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2017 Subaru Impreza Long-Term Test | Review | Car and Driver

There’s a new Midwesterner at our Ann Arbor offices, and it’s not a product of the Big Three. The vehicle in question is the progeny of Japan but hails from the state that bills itself the Crossroads of America, brags that it’s the country’s second-largest producer of popcorn, and is the site of Abraham Lincoln’s boyhood home: You know, Indiana. We’ve taken ownership of a brand-new Subaru Impreza (a hatch, natch), and we’re holding on until the clock hits 40,000 miles.

The Impreza is new from stem to stern this year. Even the bones are different, as this is the first car to use Subaru’s new Global Platform architecture. The Impreza’s sole engine is a 152-hp 2.0-liter flat-four, newly direct injected for 2017 in an upgrade that adds four horsepower over the previous model. A five-speed manual is still the base transmission, while a continuously variable automatic is optional; all-wheel drive remains standard. Subaru’s design team has fashioned a new look for the Impreza, adding more character lines, redesigning the taillights, and giving the hatchback a wider opening.

Subaru has been on an extended sales hot streak, posting eight consecutive years of record-breaking numbers. Demand for the new Impreza was up 33 percent in the first quarter of 2017 compared with sales of the previous generation a year ago, and its early adoption of Subaru’s new platform makes the Impreza a perfect test case with which to evaluate the strength of the company’s boom-time offerings.

We selected, as most buyers will, a hatchback CVT version of the Impreza. The second-from-the-top Sport trim may not be as universal a choice, but we were drawn to its torque-vectoring functionality, which seeks to capitalize on the Impreza’s stiffened structure for improved handling. The Sport model also wears 18-inch wheels rather than the standard 16-inchers.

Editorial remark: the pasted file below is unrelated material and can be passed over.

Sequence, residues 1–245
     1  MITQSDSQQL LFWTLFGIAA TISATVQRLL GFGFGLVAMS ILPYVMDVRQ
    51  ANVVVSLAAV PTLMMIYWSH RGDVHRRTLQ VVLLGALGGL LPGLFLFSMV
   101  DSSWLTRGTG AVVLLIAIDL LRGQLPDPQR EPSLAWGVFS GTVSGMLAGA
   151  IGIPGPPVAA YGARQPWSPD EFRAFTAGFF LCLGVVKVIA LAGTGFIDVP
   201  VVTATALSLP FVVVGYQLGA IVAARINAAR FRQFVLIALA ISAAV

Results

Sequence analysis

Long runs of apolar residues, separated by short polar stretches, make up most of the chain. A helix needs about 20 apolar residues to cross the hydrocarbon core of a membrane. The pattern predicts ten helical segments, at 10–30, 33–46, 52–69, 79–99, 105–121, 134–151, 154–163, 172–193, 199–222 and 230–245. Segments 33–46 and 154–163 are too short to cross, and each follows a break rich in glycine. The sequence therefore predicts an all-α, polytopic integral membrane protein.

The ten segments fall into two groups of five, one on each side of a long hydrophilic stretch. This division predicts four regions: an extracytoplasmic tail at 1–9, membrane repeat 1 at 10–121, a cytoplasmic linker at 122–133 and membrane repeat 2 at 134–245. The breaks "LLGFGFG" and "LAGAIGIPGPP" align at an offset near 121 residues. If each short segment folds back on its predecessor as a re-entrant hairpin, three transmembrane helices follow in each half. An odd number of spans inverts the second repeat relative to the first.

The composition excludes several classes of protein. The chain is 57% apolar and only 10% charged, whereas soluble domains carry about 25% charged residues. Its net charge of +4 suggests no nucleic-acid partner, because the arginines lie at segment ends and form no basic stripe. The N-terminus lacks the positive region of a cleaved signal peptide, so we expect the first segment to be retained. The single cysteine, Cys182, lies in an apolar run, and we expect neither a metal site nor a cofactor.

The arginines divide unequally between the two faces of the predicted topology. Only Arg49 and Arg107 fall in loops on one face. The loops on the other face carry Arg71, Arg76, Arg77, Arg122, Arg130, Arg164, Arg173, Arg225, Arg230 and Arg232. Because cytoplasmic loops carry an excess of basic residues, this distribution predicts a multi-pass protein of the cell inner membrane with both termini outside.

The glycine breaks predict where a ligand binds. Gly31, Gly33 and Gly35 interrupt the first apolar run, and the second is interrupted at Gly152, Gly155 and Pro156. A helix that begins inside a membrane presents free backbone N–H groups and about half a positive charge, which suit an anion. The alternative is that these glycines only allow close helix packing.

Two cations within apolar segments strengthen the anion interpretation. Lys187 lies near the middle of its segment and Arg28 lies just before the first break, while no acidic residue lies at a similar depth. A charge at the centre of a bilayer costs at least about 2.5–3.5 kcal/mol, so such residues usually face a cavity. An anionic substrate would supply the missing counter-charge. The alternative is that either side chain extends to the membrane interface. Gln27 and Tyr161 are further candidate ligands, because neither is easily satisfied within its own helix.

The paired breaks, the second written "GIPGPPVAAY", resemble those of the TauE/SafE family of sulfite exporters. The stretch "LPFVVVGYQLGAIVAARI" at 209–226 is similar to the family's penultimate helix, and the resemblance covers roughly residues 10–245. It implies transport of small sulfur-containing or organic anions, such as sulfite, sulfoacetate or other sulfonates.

For $2945, we added a power sunroof, an eight-speaker Harman/Kardon audio system, and Subaru’s EyeSight driver-assistance package. Pre-collision warning with automated emergency braking, adaptive cruise control, lane-departure warning, and blind-spot monitoring are all included in the EyeSight package. Choosing the CVT added $800 to our bottom line. Those options plus auto-dimming mirrors and all-weather floor mats brought the final tally to $27,605.

The first weekend in our fresh Impreza brought a late-winter snowstorm, the perfect playground for a Subaru. Fun was slightly limited as we were still accumulating break-in mileage, but the little Subie was sure-footed on the slick, unplowed roads we encountered.

With snow days now mercifully behind us (we hope), the Impreza must rely on other traits to impress drivers. Thus far, its charms seem plentiful, with drivers almost universally complimentary about its solid ride and quick steering. Complaining about CVTs is a favorite pastime of C/D editors, but so far the Impreza’s has mostly avoided comment, although that may change as the miles pile up. The cloth-upholstered interior and manual climate controls—we’d expect automatic controls at this price—have inspired the bulk of negative logbook comments and have been unfavorably compared with the finer fittings in our similarly priced long-term Honda Civic.

We took the Impreza to the dealer at 688 miles for a recall on the software that controls the cooling fan. The fix was quick and free, which we hope will set a tone for any future visits. With few miles on the clock, there’s plenty of ground yet to cover in our long-term Impreza. Thousands of miles of summer road trips, morning drop-offs, and evening commutes undoubtedly will tease out issues large and small, so we’ll see whether the Impreza deserves to surpass popcorn as a source of Hoosier pride.

Months in Fleet: 1 month Current Mileage: 2256 miles
Average Fuel Economy: 28 mpg Fuel Tank Size: 13.2 gal Fuel Range: 360 miles Service: $0 Normal Wear: $0 Repair: $0

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